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Your Trimble GNSS Receiver: Protection Against GNSS Spoofing

Trimble® Maxwell™ 7 technology adds several technical innovations that provide protection from the increasing threat of false GNSS signals and improve the performance of Trimble GNSS receivers.

These false, or “spoofed,” signals can lead to a receiver inaccurately calculating positions, potentially resulting in errors spanning several kilometers. This should not be confused with jamming, which also disrupts positioning by transmitting strong undesired signals that overload the GNSS receiver’s signal processing engine. However, in the jamming scenario, while the receiver has difficulty calculating a position, it will generally not be in the wrong location.


One scenario surveyors may face with GNSS spoofing is the potential calculation of the wrong point, which may be many meters away

What is GNSS spoofing?

GNSS receivers track low-power signals transmitted from satellites. With the availability of low-cost programmable radios, it is now possible to develop a transmitter that will broadcast a spoofing signal a receiver will try to use instead of the true signal. 

Depending on the sophistication of the spoofer, this can cause various positioning and timing errors. While Trimble currently does not encounter spoofing in its high-precision applications, such activities may increase in the coming years.

What is Trimble doing to mitigate spoofing?

Maxwell 7 technology, implemented on the Trimble R980 seen here, protects data points from GNSS spoofing

Trimble GNSS receivers with Maxwell 7 technology include a number of features to protect them from GNSS spoofing. Maxwell 7 technology is based around Trimble’s next-generation ASIC, RF and processor developments. The technology provides robust precision positioning by fusing all GNSS constellation signals together with additional sensor data. The defense against spoofing is currently handled at the following levels:

1. Rejection of spoofed signals in the digital signal processing (DSP)

Advanced tracking algorithms detect if multiple signals are received for each satellite and ensure only the true signal is tracked. The spoofed signal generally shows as a stronger secondary correlation peak (due to the signal being stronger from the spoofing transmitter), which the tracking channel isolates and rejects from reaching the positioning algorithm.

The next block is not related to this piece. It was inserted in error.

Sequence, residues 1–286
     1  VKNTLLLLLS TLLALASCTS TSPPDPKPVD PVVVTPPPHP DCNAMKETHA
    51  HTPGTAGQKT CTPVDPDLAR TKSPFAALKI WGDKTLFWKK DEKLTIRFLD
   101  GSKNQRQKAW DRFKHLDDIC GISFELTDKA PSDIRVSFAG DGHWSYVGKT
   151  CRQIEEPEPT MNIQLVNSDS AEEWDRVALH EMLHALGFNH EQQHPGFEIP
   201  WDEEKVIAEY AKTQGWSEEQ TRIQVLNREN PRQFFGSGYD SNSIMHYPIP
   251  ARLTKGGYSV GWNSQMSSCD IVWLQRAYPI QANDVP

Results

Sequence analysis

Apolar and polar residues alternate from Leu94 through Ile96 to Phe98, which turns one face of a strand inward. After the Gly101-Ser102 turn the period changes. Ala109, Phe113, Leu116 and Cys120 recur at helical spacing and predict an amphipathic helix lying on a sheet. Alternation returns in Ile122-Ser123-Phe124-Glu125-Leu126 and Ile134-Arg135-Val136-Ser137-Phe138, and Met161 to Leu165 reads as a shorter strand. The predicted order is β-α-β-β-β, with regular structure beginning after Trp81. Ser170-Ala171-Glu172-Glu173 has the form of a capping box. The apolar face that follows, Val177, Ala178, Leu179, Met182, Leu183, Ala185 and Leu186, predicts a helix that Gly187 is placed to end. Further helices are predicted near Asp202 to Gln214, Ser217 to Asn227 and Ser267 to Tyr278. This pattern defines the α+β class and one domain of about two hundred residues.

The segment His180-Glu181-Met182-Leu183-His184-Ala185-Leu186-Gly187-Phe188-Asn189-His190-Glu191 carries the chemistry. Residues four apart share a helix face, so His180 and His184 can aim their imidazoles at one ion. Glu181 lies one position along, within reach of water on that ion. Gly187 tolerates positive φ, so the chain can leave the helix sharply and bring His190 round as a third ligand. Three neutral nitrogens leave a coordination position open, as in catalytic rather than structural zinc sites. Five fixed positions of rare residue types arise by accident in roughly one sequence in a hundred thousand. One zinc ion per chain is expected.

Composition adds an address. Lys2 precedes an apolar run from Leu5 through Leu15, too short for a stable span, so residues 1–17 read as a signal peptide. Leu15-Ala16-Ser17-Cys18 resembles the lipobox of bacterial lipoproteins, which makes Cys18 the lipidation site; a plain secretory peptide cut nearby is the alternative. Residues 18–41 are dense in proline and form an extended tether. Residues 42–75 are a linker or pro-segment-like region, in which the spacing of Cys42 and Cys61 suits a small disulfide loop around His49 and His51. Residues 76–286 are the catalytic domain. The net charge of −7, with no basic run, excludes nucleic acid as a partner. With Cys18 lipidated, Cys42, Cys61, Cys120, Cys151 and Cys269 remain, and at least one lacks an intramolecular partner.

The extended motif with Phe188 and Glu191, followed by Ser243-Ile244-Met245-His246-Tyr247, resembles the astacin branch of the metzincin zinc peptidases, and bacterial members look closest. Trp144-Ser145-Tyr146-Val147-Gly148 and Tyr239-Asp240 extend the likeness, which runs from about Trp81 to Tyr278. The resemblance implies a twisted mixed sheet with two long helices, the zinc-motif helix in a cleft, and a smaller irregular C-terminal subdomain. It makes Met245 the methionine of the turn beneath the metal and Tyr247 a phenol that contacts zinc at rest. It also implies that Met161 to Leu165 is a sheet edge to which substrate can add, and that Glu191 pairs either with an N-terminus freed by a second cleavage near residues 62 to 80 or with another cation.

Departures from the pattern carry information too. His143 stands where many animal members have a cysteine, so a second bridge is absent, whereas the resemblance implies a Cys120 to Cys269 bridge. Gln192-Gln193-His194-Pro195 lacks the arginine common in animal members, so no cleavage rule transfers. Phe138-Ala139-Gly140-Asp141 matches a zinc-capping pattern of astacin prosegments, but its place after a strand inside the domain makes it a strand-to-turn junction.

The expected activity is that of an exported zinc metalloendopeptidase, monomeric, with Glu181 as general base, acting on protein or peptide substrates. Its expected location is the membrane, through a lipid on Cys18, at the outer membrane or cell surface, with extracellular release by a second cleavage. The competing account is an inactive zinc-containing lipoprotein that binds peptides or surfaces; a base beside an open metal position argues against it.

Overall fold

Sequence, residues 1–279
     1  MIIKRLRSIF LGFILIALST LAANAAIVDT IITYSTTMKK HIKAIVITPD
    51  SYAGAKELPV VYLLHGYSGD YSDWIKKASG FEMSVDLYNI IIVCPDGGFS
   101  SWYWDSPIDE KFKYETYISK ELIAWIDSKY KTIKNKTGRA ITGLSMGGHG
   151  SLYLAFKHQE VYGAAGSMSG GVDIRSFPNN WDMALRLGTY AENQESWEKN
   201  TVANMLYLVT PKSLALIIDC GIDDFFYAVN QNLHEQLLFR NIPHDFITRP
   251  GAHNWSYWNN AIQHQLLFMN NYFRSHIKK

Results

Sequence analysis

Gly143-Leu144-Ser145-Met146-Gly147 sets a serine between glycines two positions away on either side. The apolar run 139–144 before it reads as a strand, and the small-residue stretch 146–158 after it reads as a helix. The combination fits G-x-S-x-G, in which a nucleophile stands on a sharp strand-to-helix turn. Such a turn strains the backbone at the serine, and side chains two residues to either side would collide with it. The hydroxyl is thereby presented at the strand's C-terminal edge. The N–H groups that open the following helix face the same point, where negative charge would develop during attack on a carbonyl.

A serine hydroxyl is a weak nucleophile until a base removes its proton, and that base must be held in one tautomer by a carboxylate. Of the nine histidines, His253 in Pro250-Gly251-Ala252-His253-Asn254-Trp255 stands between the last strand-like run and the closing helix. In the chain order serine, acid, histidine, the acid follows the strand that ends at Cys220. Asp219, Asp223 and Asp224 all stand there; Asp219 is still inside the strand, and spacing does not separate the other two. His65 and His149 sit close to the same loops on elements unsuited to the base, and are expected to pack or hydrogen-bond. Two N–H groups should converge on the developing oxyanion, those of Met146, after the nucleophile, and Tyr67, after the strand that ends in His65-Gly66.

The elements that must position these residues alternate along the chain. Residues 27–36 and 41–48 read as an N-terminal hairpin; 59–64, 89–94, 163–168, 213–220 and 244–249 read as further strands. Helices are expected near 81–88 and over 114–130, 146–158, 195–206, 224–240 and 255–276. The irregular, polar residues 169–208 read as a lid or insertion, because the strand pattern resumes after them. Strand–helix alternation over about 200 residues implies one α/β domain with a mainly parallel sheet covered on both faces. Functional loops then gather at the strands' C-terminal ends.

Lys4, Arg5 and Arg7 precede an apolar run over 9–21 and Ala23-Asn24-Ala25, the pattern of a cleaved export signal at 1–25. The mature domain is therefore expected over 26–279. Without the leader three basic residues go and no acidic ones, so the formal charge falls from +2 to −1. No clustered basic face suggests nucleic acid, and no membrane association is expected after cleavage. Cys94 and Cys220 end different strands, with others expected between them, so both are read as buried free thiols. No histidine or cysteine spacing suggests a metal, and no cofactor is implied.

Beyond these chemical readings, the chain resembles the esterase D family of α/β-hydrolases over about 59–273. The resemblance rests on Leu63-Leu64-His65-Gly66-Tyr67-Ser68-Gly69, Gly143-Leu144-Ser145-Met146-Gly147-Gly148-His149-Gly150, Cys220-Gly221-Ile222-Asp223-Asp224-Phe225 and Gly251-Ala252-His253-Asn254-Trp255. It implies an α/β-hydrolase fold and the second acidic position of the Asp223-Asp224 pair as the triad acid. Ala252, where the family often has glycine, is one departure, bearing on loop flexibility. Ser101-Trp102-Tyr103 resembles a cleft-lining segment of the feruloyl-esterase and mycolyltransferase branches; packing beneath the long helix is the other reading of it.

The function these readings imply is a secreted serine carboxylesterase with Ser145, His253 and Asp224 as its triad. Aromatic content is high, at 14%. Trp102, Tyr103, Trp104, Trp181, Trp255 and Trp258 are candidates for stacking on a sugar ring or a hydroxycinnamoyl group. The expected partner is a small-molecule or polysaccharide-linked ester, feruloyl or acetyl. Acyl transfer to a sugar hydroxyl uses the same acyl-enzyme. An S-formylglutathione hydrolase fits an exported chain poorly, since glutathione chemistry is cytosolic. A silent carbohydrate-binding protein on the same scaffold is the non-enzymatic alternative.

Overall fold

2. Satellite data checking

By keeping a historical record of the orbital parameters transmitted by each satellite, Trimble can detect if these change unexpectedly or fall outside reasonable bounds. Maxwell 7 technology can also cross-check orbital data from multiple sources (for example, GPS L1 is compared to L2C and L5).

Maxwell 7 technology cross-checks orbital data from satellites

3. Receiver autonomous integrity monitoring (RAIM)

Used in the aviation industry for some time, RAIM provides an essential aspect in detecting and rejecting satellite data that may be being spoofed.  With more measurements than unknowns, the receiver has the ability to detect a satellite measurement that does not fit into the positioning solution. If such a measurement is detected, RAIM will then test each satellite in the given constellation in order to find the most likely outlier.  

RAIM is also calculated between GNSS constellations with complete systems being rejected if necessary. This assumes a simplistic spoofing event where a subset of constellations are affected. For example, if only the GPS constellation is spoofed, then by calculating multiple position solutions from subsets of measurements from GLONASS, BeiDou, Galileo, QZSS, NavIC and SBAS, the receiver can determine what GPS measurements need to be removed.

4. Position sanity checks

If the receiver detects that positions have jumped by an unrealistic amount since the last computed position, this is also a valuable indicator of spoofing.

5. Limiting satellite search window

Utilizing recent tracking information, the receiver will limit the search window for reacquiring satellites.

Continuing to evolve to mitigate spoofing challenges

The occurrence of spoofing will increase in the future, and incidents have the potential to disrupt critical applications. To prepare for this, Trimble’s precision GNSS receivers include Maxwell 7 technology to identify and remove unwanted signals. As spoofing becomes more sophisticated, Trimble technology will continue to evolve to mitigate these challenges. Users can trust in the advanced protection and accuracy of their Trimble high-precision positioning solution.

Contact your Trimble Authorized Distributor or visit the Trimble website to learn more about Trimble Geospatial GNSS receivers